These associations also seek to influence public opinion as a way to achieve their ends.
In democracies like the US where operations of the government are dependent on the people’s consent in an election, leaders are obligated to take public opinion into account. Indeed, major policy change shifts tend to coincide with the occurrence of major public opinion shifts (Lowi et al, 2013). Generally, therefore, both Congress and the Executive respond to the preferences of the public, for example regarding government spending, welfare reform, and foreign policy issues. Still, the government should be responsive to public opinion because it needs the backing of the public for re-election. Essentially, therefore, government actions are consistent with public opinion with a study finding that significant shifts in public opinion tend to be followed by shifts in government policy within a year consistent with popular opinion shifts (Lowi et al, 2013).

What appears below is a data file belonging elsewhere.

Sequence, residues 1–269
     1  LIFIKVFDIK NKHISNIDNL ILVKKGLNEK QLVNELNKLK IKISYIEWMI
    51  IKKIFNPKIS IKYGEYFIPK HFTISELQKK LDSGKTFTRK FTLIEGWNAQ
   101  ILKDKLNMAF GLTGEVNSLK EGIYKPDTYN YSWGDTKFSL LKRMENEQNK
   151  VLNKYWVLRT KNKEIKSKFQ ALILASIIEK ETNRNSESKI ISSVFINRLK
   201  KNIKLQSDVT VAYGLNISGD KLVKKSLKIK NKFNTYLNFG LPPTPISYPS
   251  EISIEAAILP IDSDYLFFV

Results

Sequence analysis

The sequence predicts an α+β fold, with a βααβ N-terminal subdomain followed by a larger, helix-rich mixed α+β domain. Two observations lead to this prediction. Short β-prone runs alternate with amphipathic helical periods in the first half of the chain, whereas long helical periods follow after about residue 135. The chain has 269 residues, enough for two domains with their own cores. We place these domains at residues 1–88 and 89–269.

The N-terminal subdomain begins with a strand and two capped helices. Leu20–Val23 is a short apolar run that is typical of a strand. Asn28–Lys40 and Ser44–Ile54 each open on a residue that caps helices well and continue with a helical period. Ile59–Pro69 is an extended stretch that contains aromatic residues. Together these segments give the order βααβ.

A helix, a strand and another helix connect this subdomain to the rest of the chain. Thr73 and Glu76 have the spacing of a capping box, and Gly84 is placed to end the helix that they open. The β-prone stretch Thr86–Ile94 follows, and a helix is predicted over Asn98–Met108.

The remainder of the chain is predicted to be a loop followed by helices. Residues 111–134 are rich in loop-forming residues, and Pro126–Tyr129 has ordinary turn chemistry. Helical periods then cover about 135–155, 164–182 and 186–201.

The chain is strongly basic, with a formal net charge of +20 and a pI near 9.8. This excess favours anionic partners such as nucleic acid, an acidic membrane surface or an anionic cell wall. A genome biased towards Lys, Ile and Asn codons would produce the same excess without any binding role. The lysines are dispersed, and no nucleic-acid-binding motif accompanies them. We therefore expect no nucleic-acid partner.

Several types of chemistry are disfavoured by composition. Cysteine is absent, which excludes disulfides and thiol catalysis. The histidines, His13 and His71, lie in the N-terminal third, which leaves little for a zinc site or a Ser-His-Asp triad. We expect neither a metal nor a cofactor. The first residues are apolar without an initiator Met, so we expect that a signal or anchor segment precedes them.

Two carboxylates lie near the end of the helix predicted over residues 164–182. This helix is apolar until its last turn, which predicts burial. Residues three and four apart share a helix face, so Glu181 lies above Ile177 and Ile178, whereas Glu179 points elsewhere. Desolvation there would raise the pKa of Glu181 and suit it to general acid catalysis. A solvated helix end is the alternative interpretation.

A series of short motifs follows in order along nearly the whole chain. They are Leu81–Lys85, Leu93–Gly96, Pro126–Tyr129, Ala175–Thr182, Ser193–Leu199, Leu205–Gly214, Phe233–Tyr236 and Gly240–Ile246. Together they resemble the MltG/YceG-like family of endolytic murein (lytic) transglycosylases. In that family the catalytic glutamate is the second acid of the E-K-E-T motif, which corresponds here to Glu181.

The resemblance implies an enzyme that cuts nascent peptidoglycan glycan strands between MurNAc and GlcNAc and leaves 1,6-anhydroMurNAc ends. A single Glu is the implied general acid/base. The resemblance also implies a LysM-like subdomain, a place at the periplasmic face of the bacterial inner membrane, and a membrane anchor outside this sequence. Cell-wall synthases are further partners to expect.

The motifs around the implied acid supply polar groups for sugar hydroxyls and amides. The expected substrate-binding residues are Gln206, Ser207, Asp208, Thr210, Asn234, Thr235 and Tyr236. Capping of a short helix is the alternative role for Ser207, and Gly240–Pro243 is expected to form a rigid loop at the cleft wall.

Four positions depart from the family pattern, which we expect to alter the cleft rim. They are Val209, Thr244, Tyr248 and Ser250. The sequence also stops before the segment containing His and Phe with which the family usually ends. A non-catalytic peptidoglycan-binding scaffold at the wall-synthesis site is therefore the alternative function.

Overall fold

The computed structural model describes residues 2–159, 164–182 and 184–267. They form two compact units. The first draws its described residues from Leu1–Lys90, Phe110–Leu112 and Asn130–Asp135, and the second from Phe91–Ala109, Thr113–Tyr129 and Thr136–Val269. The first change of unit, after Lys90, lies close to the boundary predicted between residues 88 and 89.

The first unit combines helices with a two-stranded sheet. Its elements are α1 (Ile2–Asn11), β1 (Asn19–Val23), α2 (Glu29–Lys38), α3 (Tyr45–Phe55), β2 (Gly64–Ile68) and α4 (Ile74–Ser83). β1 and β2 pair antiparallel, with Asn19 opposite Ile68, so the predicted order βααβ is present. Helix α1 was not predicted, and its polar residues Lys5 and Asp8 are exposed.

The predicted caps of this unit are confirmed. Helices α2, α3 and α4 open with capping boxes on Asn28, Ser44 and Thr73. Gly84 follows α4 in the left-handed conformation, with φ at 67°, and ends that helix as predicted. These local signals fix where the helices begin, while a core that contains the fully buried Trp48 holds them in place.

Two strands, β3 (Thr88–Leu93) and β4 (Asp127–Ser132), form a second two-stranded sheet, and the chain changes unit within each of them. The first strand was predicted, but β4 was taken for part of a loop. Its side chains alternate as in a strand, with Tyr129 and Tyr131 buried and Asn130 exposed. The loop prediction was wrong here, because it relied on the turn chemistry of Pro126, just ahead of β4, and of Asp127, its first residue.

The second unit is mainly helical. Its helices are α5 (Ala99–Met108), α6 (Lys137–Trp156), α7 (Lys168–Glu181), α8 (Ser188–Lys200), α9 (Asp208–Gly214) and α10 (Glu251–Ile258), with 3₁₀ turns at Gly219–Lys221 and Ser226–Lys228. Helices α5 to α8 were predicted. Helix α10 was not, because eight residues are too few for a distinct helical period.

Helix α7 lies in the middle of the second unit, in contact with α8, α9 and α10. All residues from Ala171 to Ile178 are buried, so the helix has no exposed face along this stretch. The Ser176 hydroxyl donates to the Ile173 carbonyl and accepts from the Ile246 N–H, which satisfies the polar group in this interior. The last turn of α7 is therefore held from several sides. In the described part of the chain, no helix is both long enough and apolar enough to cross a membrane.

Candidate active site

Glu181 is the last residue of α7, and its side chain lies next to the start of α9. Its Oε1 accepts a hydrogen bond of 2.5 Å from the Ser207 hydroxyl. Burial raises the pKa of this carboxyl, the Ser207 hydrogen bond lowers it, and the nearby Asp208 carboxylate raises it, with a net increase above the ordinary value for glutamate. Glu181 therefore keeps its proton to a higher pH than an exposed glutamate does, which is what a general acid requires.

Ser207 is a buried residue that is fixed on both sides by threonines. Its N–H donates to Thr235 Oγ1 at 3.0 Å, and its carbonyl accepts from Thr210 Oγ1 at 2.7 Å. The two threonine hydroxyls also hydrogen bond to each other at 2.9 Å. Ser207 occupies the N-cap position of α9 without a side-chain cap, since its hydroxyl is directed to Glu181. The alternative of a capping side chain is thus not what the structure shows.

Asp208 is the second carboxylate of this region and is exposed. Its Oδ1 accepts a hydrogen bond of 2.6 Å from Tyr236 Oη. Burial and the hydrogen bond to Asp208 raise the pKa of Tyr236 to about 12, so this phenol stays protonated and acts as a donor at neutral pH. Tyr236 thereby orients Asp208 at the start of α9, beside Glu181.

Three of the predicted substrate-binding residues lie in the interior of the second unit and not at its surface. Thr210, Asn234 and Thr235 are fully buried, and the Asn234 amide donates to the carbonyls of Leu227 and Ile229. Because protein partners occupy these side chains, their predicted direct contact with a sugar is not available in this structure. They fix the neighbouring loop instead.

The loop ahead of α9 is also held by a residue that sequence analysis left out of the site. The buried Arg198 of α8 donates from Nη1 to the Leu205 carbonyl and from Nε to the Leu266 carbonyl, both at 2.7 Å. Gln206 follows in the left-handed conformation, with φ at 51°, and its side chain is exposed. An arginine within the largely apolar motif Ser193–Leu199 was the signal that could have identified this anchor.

Still, this does not mean that the government panders to all the preferences of the public. This is caused by inconsistency between commitment of the nominal majority and adherents of minority viewpoints, as well as inconsistency between public opinion and the character of the US system of government (Lowi et al, 2013). Overall, however, government actions do not digress from popular opinion for extended periods due to the electoral process. However, the government is also able to take leeway in its response to public opinion because the latter is not specific, while its measurement is not always accurate.
To meet this challenge, public interest groups representing a select population have risen in prominence. These associations attempt to pressure government through various methods, including mobilizing public opinion (Lowi et al, 2013). This involves the use of resources at their disposal to persuade a majority of the public to